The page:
• 2.3.10 Maintaining a seal chamber 50 psi (3.5) bar above vapor pressure does not make any sense in the majority of balanced seal applications.
  • 2.4.1 The specification calls for a shaft sleeve and allows the manufacturer to reduce the diameter of the solid shaft to accommodate the sleeve. This increasing of the pump shaft L3/D4 adversely affects the pump and seal performance.
  • 2.4.1 The specification calls for sealing the sleeve on one end, but fails to specify the impeller end except in the case of O-ring seals. If the seal is on the outboard end, the space between the sleeve and shaft can fill with solids and hamper the removal of the sleeve. This can be a major concern in hot oil type applications where “coking” is always a problem.
  • 2.4.3 A shoulder to locate the rotating element will not allow a re-positioning of the seal if an open impeller has to be adjusted. API (American Petroleum Institute) pumps are normally closed impeller designs, but we are talking about the possibility of combining standards with the ANSI design.
  • 2.4.9 A shaft to sleeve diametral clearance of 0.001 inch to 0.003 inch is not practical. You will never be able to remove the sleeve once some solids get between the sleeve and shaft, and they will get there!
  • The majority of hard set screws are not corrosion resistant. If the set-screws are located out of the stuffing box this could be OK, but many designs have the set-screws positioned in the sealing fluid.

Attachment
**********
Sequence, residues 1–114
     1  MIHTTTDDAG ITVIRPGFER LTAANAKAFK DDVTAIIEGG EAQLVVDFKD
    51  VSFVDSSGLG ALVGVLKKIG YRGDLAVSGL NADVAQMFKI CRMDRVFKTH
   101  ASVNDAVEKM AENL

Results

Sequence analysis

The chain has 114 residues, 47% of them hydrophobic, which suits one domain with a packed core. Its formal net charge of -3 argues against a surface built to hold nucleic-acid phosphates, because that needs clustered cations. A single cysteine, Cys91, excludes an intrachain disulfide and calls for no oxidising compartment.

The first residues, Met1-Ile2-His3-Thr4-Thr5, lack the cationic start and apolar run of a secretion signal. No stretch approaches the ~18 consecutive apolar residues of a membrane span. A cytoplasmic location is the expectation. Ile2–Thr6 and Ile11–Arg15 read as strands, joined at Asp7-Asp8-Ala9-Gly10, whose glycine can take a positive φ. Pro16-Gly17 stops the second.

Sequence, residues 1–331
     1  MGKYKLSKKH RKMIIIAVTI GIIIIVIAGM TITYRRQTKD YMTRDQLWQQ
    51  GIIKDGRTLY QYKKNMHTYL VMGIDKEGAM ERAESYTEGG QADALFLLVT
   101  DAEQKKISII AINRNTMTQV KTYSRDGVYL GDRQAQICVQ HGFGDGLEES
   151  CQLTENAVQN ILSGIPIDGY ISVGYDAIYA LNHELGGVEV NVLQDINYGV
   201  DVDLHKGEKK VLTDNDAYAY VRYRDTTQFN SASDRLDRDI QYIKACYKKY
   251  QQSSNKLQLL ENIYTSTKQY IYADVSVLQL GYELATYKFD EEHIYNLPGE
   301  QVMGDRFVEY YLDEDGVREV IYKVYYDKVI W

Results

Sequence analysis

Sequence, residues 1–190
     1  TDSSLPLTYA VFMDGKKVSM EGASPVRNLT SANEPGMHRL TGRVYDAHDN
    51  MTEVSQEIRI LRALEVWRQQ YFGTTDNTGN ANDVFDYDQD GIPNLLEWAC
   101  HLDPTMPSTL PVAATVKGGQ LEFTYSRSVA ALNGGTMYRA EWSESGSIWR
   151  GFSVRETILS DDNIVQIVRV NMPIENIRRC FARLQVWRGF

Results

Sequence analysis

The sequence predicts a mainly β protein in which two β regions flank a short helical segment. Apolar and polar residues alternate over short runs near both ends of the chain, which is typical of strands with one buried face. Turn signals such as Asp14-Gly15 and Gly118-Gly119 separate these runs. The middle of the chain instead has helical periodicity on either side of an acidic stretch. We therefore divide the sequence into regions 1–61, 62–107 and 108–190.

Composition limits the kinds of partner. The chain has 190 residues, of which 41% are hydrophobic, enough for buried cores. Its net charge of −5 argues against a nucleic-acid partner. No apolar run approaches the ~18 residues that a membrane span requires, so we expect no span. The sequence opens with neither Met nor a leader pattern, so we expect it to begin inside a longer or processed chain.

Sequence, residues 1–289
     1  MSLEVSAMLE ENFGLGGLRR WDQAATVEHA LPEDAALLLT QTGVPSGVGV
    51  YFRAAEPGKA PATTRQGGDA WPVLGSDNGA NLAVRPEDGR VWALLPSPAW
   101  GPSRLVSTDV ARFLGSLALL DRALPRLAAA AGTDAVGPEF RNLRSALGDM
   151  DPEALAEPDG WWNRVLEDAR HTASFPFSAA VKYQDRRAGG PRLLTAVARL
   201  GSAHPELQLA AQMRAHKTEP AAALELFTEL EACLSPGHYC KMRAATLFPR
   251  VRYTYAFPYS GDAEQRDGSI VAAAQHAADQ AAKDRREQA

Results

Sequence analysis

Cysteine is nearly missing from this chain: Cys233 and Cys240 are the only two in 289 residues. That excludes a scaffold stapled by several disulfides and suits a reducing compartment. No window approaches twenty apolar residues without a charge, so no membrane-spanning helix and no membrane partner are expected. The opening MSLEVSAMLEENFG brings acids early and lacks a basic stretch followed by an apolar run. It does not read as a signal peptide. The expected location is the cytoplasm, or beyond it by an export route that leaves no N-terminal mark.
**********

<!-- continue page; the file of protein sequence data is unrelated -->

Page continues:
• 2.6.1 The standard seal is equipped with multiple springs, but the standard does not specify the springs must be located outside the fluid. If located in the fluid they can easily clog with solids.
  • 3.2.3 Reaction bonded silicon carbide is specified as the standard hard face even though it is sensitive to caustic and other high pH chemicals frequently used to clean lines and systems. In most cases alpha sintered would be a much better choice.
  • 4.2.1 The term “flush” is misleading. Over the years the API has failed to recognize the differences in bringing liquid to the pump stuffing box area and lumped them all under the common term “Flush”. There is better terminology:
    • Discharge recirculation connects the discharge of the pump to the stuffing box to raise stuffing box pressure.
    • Suction recirculation connects the bottom of the stuffing box to the suction side of the pump usually allowing clean fluid to circulate from behind the impeller into the stuffing box.
    • Barrier fluid describes a higher-pressure fluid that is circulated between dual seals.
    • Buffer fluid describes a low-pressure fluid circulating between dual seals.
    • Quenching fluid is introduced into the seal gland outboard the seal to wash away leakage and control the environment outboard the seal.
    • Jacketing fluid circulates around the outside the stuffing box to control stuffing box temperature.
    • Flushing fluid is fluid from an outside source introduced into the stuffing box that dilutes the pumpage. It is seldom desirable, but sometimes necessary.
  • The specification allows spring-loaded elastomers (O-rings) that do not have the ability to flex and roll.
  • The specification allows a single spring seal design even if it is sensitive to the direction of rotation.
  • The specification does not prohibit the use of mechanical seals that frett (damage) shafts and sleeves.
  • The specification should call for the seal’s dynamic O-ring to move towards a clean surface to prevent “hang up”.
  • The standard does not recognize seal designs with both faces spring loaded and hydraulically balanced.




  • On February 14, 2018